Vladimir Putin is the leader for the label “the ugliest man on the planet”. He continues to incite human suffering on a large scale in the quagmire of death, displacement, and suffering.
Viewers around the world watched with a sense of helplessness and omen. Meanwhile, the collective courage of Putin’s people who have subdued his will continues to amaze.
Can the fierce defiance of the Ukrainians – at the expense of the blood and agony of the war of attrition – produce a victory? Even the best military minds cannot say how this conflict will end.
The fallout from the relentless televised images from across Europe stirred fresh emotions in Ireland. With the chill effect, we are reminded that the world is a dangerous place.
And so the question of our neutrality creeps and weaves through the national dialogue.
There are people who will begin our process of joining Nato without further ado.
Much of their enthusiasm, however, overlooks a core fact of all foreign policy. Self-interest always ranks above the common good. This may be unfortunate, but it’s the way of the world.
All members of Nato participate for self-interest. By joining, they accept the organization’s shared commitment to protecting each other. There is safety – or at least more safety – at number
Therefore, the larger countries in Europe are leading Nato. They are backed by a group of countries in Russia’s orbit, who fear attack from their naturally aggressive neighbor to the east.
Ireland needs to consider carefully where its best interests lie. Although it has its detractors and opponents, neutrality has served us quite well since the founding of the State.
In the past, unresolved constitutional issues for Northern Ireland made membership in a military union very difficult.
We were right to stay out of World War II. The call from Winston Churchill that participation would be rewarded with a united Ireland was just a snapshot. Such promises were certainly mitigated by his resounding victory speech.
He famously suggested that Irish ports could have been forcibly taken – from a British military perspective. It is believed he later regretted such comments.
A handful of European countries have not joined Nato for various reasons. Switzerland has historically remained neutral. Austria, because of its Hitlerite history, has all kinds of checks and balances that set it apart from a military alliance.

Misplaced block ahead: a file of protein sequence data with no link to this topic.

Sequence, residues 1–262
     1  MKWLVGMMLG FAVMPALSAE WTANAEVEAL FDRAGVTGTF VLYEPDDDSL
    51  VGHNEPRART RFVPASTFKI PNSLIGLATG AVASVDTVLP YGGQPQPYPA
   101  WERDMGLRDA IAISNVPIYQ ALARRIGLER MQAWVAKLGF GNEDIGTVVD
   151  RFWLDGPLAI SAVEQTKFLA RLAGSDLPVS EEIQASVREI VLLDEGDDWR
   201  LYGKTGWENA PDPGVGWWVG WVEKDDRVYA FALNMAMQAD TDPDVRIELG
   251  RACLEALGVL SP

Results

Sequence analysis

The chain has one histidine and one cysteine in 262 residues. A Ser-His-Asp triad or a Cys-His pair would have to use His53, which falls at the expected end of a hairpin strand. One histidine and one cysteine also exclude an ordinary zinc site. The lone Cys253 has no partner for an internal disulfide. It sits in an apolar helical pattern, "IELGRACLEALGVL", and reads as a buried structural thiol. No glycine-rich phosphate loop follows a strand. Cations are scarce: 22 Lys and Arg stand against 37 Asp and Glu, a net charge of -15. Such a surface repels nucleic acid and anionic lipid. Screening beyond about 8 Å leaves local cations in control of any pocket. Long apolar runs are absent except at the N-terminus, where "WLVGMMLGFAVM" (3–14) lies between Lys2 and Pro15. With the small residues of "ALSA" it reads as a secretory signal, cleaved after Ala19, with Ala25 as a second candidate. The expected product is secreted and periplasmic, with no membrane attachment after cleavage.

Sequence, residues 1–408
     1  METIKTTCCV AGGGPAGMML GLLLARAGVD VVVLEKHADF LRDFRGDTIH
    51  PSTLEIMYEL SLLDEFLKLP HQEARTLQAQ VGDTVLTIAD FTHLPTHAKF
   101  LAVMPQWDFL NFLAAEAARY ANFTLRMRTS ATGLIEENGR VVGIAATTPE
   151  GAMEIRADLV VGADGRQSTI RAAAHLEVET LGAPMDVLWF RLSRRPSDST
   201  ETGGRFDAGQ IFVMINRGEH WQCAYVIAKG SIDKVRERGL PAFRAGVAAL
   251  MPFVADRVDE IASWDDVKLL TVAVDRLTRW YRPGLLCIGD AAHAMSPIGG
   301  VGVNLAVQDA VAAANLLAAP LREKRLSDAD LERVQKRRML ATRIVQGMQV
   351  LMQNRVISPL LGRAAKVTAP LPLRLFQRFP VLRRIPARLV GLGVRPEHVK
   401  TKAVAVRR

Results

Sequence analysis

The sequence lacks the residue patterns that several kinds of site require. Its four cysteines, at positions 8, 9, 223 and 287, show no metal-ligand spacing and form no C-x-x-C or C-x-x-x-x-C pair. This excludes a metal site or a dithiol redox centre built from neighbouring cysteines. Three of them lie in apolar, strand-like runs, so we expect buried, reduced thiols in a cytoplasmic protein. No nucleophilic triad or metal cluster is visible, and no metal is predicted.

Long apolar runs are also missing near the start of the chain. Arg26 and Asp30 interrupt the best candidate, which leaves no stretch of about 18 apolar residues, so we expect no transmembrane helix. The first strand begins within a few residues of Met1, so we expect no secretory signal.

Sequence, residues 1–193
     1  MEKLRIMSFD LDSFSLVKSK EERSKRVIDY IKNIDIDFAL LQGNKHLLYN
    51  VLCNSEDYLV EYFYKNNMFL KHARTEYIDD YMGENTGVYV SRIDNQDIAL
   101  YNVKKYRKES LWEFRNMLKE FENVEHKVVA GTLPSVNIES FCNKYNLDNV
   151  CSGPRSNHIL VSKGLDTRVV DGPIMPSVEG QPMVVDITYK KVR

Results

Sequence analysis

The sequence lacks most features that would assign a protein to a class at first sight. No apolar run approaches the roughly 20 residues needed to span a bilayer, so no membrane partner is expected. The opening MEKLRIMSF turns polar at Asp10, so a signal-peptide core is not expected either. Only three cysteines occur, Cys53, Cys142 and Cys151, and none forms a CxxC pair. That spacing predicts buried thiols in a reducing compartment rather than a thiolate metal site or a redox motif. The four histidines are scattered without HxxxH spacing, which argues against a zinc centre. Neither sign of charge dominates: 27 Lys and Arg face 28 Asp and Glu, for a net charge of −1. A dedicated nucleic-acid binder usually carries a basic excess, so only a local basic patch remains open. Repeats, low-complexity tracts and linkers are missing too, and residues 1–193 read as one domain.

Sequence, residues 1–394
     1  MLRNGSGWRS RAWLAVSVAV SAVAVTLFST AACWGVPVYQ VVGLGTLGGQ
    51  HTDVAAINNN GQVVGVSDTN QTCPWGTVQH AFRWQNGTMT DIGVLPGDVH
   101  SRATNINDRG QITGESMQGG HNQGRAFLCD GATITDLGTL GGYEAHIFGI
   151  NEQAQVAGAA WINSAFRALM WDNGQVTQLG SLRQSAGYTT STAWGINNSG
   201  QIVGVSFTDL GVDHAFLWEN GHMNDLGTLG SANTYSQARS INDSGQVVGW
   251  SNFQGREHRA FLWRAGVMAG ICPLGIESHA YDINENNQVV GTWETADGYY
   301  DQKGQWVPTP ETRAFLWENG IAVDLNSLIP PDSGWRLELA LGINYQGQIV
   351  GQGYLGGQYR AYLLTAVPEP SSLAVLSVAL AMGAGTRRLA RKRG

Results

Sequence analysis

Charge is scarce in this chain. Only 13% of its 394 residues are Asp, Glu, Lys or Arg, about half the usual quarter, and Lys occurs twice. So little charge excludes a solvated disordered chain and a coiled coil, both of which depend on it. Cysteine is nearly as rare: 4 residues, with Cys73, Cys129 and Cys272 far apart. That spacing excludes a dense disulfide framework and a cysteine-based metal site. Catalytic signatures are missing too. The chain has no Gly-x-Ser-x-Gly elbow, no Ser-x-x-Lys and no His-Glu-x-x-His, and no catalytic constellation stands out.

Finland has also stayed away. Sharing a border with Russia, the country has pursued a studied policy of neutrality. For many years, the country’s main foreign policy goal has been not to irritate its powerful neighbour.
Perhaps the country most similar to Ireland in terms of Nato membership is Sweden. As with Ireland, there has been a shift in recent years, as the country engages in activities under the auspices of EU combat groups.
But public opinion still favors core neutrality. As in this country, however, the barbarism of Putin’s forces in Ukraine has placed new emphasis on the possibility of NATO membership.
That’s hardly surprising. The Kremlin dropped the international playbook overnight. It’s back with a vengeance to an old motif of hardline communism – in the end lethal force and indomitable brutality are what’s worth it.
We were reminded that we needed to modernize our defense force; we also need to spend more on air and sea protection. Then we can play a bigger role in the common European defence.
But even if we are outside Nato, our neutrality should be nuanced, such as continuing to allow US military aircraft to refuel at Shannon. We clearly support the Western alliance and should never be in doubt about that.
After all, in our controversial “out of war” stance from 1939 to 1945, we forced German pilots to parachute into Irish soil.
But when it reached the hands of their British compatriots, they were allowed to ‘escape’ to Northern Ireland.
There are other ways in which, “below the radar”, we have helped the allied war effort, such as sharing intelligence with the British authorities.
Ireland has long been neutral – but always keeping an eye on whose side we’re on.
https://www.independent.ie/opinion/comment/even-as-a-neutral-state-ireland-has-always-taken-sides-41429593.html Even as a neutral country, Ireland is always on the side